The appellants urge that this dicta is applicable here. They argue that any amount transferred to the petitioner may not exceed what, in another subdivision of Social Services Law § 366-c is defined as a "community spouse resource allowance" (Social Services Law § 366-c [2] [d]), which, like the community spouse monthly income allowance described above, is calculated in accordance with certain guidelines set forth in the statute. The statute expressly allows for the institutionalized spouse to transfer assets to the community spouse in an amount needed to raise the community spouse's income to the level of the minimum monthly maintenance needs allowance (Matter of Golf v New York State Dept. of Social Servs., supra, at 660).

We agree with the petitioner that the Gomprecht rule is completely inapplicable here, where we are presented not with a community spouse seeking an order of support against an institutionalized spouse, but instead with an institutionalized spouse who (albeit acting by way of a surrogate) wishes in effect to make a gift of his assets. The scenario is thus totally different. The Golf case is also, in our opinion, not apposite. In Golf, the responsible agency determined that a community spouse had an income of $1,379.06 per month which was below her minimum monthly maintenance needs allowance of $1,769. The agency determined, in effect, to take $389.94 per month from the institutionalized spouse's income and transfer it to the community spouse to bring her income up to the minimum monthly level. However, this methodology (income first) still left the institutionalized spouse ineligible for Medicaid, given that he had $13,100 in "excess resources" (Matter of Golf v New York State Dept. of Social Servs., supra, at 660-661). The community spouse argued that the agency should have employed an alternate methodology (resource first). Under that method the $13,100 in excess resources would have been transferred to her, allowing her to retain the income from those resources in order to accomplish the increase to her income, even while preserving the institutionalized spouse's eligibility for Medicaid. The Court of Appeals disagreed, and upheld the agency determination (see, Matter of Golf v New York State Dept. of Social Servs., supra).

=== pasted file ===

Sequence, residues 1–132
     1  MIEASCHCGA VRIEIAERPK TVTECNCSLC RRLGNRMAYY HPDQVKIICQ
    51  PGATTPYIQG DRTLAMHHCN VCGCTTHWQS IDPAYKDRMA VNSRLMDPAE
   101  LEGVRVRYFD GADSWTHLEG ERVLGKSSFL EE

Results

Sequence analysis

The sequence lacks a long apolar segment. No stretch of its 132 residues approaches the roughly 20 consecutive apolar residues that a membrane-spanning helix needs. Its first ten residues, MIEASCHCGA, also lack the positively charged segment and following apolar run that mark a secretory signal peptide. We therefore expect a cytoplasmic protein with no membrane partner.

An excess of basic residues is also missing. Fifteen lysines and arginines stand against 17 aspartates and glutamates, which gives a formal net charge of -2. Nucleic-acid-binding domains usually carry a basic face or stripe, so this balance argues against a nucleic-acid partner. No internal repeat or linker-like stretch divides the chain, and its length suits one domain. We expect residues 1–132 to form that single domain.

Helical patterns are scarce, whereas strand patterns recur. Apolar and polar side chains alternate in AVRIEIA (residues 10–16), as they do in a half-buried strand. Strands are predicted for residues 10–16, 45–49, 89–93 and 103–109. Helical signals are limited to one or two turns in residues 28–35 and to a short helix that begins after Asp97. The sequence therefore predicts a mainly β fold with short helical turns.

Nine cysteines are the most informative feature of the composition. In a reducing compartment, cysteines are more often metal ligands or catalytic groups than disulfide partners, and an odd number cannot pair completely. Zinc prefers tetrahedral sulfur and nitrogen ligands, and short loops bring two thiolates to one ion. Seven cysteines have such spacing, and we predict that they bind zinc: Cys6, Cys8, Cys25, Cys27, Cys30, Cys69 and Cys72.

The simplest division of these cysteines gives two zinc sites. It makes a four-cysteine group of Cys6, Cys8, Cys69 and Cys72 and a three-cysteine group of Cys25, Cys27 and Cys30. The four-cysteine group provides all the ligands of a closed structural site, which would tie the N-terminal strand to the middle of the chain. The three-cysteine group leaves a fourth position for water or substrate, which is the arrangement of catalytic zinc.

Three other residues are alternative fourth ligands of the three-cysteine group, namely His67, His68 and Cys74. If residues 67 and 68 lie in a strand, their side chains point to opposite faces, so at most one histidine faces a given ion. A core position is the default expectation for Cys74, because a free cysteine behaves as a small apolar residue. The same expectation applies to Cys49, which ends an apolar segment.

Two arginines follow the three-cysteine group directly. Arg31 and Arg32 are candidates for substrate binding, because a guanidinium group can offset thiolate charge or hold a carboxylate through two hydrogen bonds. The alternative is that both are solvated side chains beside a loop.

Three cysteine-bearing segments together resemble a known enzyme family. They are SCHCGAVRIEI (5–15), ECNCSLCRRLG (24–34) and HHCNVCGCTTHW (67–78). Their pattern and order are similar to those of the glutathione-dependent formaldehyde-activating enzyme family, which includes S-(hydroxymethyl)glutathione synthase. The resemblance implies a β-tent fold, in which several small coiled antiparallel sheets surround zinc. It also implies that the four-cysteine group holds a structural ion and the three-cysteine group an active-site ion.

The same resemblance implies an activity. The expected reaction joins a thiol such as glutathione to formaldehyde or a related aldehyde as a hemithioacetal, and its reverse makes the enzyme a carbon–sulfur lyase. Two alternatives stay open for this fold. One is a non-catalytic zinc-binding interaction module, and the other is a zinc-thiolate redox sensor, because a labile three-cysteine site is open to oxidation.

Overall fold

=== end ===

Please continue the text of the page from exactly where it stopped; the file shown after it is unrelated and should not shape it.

The Golf case does not address a court's power to appoint a guardian under Mental Hygiene Law article 81, and it places no restrictions on the right of a person, even when acting through a proxy or surrogate, to make transfers of his or her own wealth.

The complexities of the Medicaid eligibility rules, not to mention the complexities of State and Federal law concerning gift and estate taxation which often come in to play as hapless middle class Americans seek to save themselves from financial ruin as the result of astronomical nursing home costs, should never be allowed to blind us to the essential proposition that a man or a woman should normally have the absolute right to do anything that he or she wants to do with his or her assets, a right which includes the right to give those assets away to someone else for any reason or for no reason. In other words, it is, or should be, clear that Mr. Shah, who had the unrestricted right to give his assets to his wife, or to his children, or to anyone else for that matter, at all times up to the moment of his terrible injury, did not, on account of that injury, lose that fundamental right merely because he is now incapacitated and financial decisions on his behalf must necessarily be made by a surrogate. The relief granted pursuant to Mental Hygiene Law article 81 is designed to permit an incapacitated person to do, by way of a surrogate, those essential things such a person could do but for his or her incapacity (see, e.g., Matter of Felix v Herman, 257 A.D.2d 900). There can be no quarreling with the Supreme Court's determination that any person in Mr. Shah's condition would prefer that the costs of his care be paid by the State, as opposed to his family. It appears to be conceded that, under New York law, Mrs. Shah's execution of the spousal refusal will render Mr. Shah eligible for Medicaid (see, Social Services Law § 366 [3] [a]; § 366-c [5] [b]; Commissioner of Dept. of Social Servs. of City of N. Y. v Spellman, 173 Misc.2d 979, affd 243 A.D.2d 45).